But the crowd listening to Jesus doesn’t know this—and Jesus makes no effort to explain. They’re horrified—and He knows it. Were it not for His words in v 37, “All that the Father gives me will come to me, and whoever comes to me I will never cast out,” we might almost think that He’s trying to drive them away. Certainly He’s once again putting them to the test.
They want to know, “What must we do to get more free food?” And Jesus is saying, “You’re asking the wrong question. You’re looking in the wrong direction.”
John’s gospel begins with the words: “In the beginning was the Word, and the Word was with God, and the Word was God. … All things were made through him, and without him was not anything made that was made.”
Nothing was made without Him. Not bread. Not water. Not human life.
We know that all inanimate objects are made from basic building blocks that we call atoms. And we know that all living things are made from basic building blocks that we call cells.
So John gives us the wedding at Cana, where Jesus transformed the ordinary water that was contained in six stone pots into fine wine. The water was changed, but the pots that held the water remained completely unchanged. Jesus rearranged the atoms that were water into atoms that were wine. The atoms that were the stone pots, however, He left unchanged.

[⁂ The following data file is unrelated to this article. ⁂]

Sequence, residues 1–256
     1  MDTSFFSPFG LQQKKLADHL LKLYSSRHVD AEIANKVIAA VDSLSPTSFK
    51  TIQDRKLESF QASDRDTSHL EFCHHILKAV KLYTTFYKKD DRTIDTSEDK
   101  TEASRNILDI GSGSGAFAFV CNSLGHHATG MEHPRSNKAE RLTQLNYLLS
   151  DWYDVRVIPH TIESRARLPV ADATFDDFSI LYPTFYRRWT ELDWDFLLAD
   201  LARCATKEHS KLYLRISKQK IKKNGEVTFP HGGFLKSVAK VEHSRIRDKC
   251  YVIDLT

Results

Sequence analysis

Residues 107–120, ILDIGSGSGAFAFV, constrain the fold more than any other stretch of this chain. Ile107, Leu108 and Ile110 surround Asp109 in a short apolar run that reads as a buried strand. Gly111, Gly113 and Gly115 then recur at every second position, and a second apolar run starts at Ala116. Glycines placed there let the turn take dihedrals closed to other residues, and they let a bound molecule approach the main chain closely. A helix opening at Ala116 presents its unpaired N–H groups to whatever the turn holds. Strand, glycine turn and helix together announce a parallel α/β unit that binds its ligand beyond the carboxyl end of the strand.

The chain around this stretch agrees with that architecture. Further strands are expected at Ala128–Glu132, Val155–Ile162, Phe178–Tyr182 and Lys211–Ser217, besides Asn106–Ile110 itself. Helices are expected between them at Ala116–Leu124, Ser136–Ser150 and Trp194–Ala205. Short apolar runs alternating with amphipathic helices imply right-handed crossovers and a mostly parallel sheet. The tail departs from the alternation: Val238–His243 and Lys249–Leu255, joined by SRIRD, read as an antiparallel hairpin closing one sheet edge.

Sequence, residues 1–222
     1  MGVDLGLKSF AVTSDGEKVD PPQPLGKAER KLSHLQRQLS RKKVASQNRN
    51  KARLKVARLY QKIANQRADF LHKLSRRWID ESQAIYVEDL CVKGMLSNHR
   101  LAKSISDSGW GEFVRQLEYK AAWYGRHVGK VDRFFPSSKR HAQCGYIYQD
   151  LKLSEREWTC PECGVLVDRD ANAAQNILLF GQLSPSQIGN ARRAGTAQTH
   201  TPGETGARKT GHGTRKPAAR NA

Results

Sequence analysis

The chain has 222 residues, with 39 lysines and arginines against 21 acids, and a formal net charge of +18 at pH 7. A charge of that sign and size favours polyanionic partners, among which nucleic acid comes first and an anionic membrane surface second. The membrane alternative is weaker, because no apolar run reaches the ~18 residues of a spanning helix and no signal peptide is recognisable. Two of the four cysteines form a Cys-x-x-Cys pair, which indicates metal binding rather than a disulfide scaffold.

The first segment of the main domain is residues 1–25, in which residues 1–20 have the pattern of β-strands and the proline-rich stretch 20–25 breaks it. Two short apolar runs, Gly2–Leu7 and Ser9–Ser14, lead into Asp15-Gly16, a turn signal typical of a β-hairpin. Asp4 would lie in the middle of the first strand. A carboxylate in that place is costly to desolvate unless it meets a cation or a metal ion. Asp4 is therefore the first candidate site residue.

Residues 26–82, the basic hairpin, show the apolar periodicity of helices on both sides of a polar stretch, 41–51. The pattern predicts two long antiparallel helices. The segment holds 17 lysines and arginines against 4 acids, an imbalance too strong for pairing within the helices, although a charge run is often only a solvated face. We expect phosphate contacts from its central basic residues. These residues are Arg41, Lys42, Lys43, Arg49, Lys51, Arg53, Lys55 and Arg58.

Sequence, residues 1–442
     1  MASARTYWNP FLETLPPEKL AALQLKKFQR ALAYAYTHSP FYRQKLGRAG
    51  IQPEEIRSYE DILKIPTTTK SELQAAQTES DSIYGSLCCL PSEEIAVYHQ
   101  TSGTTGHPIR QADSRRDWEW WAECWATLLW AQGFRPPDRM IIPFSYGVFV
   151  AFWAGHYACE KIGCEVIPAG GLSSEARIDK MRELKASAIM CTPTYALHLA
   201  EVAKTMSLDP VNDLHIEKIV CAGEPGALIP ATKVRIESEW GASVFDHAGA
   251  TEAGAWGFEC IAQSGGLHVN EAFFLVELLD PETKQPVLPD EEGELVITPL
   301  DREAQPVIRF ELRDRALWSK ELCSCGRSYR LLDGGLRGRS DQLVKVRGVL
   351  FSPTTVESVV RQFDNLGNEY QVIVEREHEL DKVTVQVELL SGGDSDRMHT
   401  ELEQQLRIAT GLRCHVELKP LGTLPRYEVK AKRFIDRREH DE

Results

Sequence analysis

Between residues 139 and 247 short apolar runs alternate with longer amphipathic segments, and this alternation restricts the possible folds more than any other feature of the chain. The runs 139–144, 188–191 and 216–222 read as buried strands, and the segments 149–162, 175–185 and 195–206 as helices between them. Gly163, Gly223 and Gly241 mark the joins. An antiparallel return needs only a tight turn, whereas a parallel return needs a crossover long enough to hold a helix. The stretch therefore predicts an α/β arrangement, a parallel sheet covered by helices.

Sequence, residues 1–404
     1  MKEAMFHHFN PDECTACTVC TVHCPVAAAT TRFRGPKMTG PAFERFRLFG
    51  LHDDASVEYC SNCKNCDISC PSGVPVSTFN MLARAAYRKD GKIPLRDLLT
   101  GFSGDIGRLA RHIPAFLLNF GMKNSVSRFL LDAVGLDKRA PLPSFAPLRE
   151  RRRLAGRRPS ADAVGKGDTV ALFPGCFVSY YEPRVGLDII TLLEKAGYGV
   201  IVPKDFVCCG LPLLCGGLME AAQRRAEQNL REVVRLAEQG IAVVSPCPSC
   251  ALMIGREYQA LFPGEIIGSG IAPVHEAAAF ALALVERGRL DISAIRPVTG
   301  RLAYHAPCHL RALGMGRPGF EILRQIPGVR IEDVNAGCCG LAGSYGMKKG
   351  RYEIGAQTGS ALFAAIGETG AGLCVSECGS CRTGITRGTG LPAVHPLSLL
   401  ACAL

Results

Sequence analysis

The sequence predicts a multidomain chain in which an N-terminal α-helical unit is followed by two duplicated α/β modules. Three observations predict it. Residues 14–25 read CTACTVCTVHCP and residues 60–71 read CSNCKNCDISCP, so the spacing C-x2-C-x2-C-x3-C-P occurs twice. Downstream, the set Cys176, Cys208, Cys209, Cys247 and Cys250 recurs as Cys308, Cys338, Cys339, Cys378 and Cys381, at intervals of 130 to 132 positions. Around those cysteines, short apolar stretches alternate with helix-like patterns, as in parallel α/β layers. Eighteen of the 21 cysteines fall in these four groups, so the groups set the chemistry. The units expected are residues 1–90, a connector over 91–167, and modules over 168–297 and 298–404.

Right from the very beginning of this gospel, John wants us to understand that we don’t need to wait until heaven to be changed—we can be transformed right here and right now. Because if Jesus could transform ordinary water into the best wine, surely He can also transform ordinary men and women into something new and better—into new creations.
Then Jesus meets with Nicodemus and talks about the need for new life, the need to be born again. Talks about it but doesn’t explain how it could happen. Then He meets a Samaritan woman and tells her about living water—living water that He says is available through Him.
Available to anyone who will worship the Father in Spirit and truth.
What must we do? We must worship the Father in Spirit and truth.
Then Jesus heals a man who’s been an invalid for 38 years, rearranging or repairing or changing the cells in His body. He walks on water, demonstrating His control over nature. And He feeds 5000 men by simply speaking over five small loaves and two fish, causing them to multiply into huge quantities of food.
Now the crowd has come back asking “What must we do?”
They’re asking for more bread, not recognizing that Jesus is the bread. They ask for a new miracle, not realizing that He is the miracle. Not realizing that the bread they received the day before was, like the Old Testament manna, simply a foretaste of the real bread from heaven. A sign pointing them toward the bread of life.
Over and over again, Jesus is showing them that the divine is now in their very midst. The One without whom nothing has ever been made is now speaking to them in the synagogue in Capernaum.
The incarnate Jesus is the supreme example of matter as spirit-bearing.